Q: Who do I sue?
If a law firm employee has admitted in court to forging my signature on a fee agreement of terms that were 4 times higher than what I agreed to in the actual fee agreement....do I sue the employee or the attorney?
The court did order all fees (over $30k be refunded to me) but that still does not make things right.
My money was withheld from me for over one year, I was lied to and humiliated by my attorney who accused me of lying about the forgery until the employee finally confessed. Trying to navigate the legal process and refusing to “let it go” like my friends and family advised because of the stress it created in nearly every aspect of my life. I refused to be called a liar and to allow the firm to get away with stealing my money. That part has been proven.
But what about what I went thru for the past year? What about the expenses I had to pay...messenger fees, pacer account fees, postage, gas, hotel...not to mention the tremendous amount of emotional stress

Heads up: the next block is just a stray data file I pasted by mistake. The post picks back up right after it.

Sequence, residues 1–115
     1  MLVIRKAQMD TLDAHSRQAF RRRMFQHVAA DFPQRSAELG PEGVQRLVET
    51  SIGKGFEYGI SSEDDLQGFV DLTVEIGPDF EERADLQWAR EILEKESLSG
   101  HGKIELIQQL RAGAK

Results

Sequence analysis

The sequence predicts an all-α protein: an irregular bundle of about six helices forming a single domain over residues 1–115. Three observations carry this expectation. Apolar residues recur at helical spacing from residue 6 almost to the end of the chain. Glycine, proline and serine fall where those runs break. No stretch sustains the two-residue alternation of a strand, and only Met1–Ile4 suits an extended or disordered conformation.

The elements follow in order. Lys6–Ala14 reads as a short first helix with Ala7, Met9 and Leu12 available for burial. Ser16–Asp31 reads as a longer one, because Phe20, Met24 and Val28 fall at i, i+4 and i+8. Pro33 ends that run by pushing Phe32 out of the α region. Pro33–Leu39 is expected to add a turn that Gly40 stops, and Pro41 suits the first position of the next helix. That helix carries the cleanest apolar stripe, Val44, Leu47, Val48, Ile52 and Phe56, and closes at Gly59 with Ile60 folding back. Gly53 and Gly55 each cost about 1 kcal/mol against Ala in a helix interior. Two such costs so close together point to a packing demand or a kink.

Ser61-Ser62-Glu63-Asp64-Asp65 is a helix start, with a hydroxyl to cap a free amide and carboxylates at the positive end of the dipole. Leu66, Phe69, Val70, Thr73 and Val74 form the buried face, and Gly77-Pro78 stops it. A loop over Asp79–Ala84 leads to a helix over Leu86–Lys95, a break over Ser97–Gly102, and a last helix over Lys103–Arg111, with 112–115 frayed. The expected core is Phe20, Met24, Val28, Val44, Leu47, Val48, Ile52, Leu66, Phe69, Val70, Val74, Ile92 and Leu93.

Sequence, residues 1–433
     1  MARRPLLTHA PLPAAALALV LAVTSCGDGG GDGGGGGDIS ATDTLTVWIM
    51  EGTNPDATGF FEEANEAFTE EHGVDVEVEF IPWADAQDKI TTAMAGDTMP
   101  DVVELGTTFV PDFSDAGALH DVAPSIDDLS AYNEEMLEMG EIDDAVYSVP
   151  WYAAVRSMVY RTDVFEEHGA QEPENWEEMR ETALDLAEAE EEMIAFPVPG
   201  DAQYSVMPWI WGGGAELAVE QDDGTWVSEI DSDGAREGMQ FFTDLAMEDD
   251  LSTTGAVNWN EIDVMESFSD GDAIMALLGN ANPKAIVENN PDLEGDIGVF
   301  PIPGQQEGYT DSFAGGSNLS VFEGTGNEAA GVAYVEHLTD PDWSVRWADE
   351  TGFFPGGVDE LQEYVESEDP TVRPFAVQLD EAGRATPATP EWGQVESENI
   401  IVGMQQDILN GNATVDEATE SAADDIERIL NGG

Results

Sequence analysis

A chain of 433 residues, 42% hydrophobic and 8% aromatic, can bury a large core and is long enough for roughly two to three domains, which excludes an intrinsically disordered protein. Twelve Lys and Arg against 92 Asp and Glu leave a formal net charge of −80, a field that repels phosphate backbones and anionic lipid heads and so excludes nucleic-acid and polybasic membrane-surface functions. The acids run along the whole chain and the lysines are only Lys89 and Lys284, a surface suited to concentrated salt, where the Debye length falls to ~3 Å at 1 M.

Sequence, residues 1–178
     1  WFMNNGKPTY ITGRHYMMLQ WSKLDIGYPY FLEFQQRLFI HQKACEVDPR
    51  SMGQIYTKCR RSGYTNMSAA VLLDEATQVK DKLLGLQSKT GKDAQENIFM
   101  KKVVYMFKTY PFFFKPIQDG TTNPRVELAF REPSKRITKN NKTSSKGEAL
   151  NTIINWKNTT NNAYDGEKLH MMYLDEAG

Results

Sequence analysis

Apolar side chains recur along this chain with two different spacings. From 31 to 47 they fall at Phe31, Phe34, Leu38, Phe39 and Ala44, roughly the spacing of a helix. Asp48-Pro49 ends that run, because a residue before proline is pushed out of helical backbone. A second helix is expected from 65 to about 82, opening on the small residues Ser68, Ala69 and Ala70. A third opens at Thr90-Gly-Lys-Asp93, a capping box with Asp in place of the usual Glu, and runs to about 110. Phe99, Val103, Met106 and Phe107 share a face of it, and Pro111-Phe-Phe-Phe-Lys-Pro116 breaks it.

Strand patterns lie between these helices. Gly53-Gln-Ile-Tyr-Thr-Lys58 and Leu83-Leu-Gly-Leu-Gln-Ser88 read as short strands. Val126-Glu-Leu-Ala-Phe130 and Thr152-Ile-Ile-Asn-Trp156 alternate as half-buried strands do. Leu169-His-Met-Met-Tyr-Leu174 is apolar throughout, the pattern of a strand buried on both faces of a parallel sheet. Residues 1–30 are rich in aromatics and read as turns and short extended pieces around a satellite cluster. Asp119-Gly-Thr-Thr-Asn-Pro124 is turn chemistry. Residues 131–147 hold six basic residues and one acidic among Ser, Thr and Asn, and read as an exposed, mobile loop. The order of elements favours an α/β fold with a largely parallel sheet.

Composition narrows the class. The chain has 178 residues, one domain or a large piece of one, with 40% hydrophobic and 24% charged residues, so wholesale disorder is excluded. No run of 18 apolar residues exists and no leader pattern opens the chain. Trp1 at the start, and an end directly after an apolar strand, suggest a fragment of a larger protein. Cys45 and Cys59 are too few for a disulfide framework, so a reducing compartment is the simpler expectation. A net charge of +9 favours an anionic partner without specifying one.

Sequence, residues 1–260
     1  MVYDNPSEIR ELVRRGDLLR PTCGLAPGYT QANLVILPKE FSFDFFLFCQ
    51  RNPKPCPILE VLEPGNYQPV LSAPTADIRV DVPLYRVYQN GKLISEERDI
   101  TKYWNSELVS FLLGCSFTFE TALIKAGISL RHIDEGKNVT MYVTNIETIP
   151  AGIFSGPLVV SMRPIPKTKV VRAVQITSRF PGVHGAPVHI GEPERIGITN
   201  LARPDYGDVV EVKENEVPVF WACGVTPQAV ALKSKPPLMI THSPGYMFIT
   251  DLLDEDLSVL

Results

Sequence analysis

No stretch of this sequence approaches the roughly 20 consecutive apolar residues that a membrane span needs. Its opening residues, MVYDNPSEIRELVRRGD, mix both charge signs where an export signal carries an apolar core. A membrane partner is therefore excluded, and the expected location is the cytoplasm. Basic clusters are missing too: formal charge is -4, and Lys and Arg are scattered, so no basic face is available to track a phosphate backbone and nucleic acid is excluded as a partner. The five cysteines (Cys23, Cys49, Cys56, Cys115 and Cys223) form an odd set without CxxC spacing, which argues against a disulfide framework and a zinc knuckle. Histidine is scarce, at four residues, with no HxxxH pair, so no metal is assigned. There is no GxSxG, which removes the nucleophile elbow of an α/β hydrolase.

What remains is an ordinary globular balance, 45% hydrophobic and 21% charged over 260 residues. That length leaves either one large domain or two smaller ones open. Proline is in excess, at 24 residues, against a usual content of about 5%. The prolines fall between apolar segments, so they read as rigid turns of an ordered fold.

A: If a law firm forged your signature, then a complaint to the State Bar is warranted. It is possible that the law firm is responsible for your damages, i.e., what you lost as a direct result of the fraud. That would include the principal, interest, and potentially emotional distress. It does not include your expenses incurred in pursuing your case, unless awarded as a matter of costs. Also, it seems that there has been some type of legal proceeding concerning this issue. It is possible that you were legally obligated to bring all of your claims forward at the same time. You might not be able to come back for another bite at the apple. Consult with a legal malpractice attorney for a real analysis of your potential claims.
A: There are a lot of missing facts here, but I agree completely with your refusal to "let it go." The issue here is too important. At a minimum, you should go to the Bar Association, and consult with an attorney to help you sort it all out.
A: much more info needed.
it sounds like both criminal prosecution and the state bar should get involved.
i can not comment on value of case without all the facts. However a legal malpractice attorney "might" be interested. It does sound like the attorney was a victim too.
remember you can always file in small claims court and sue for up to $10,000,
however, having sat as a judge pro tem in small claims i always like it when the plaintiff prepared a detailed summary demand and sent to defendant. When the D does not respond that will be considered by all parties.
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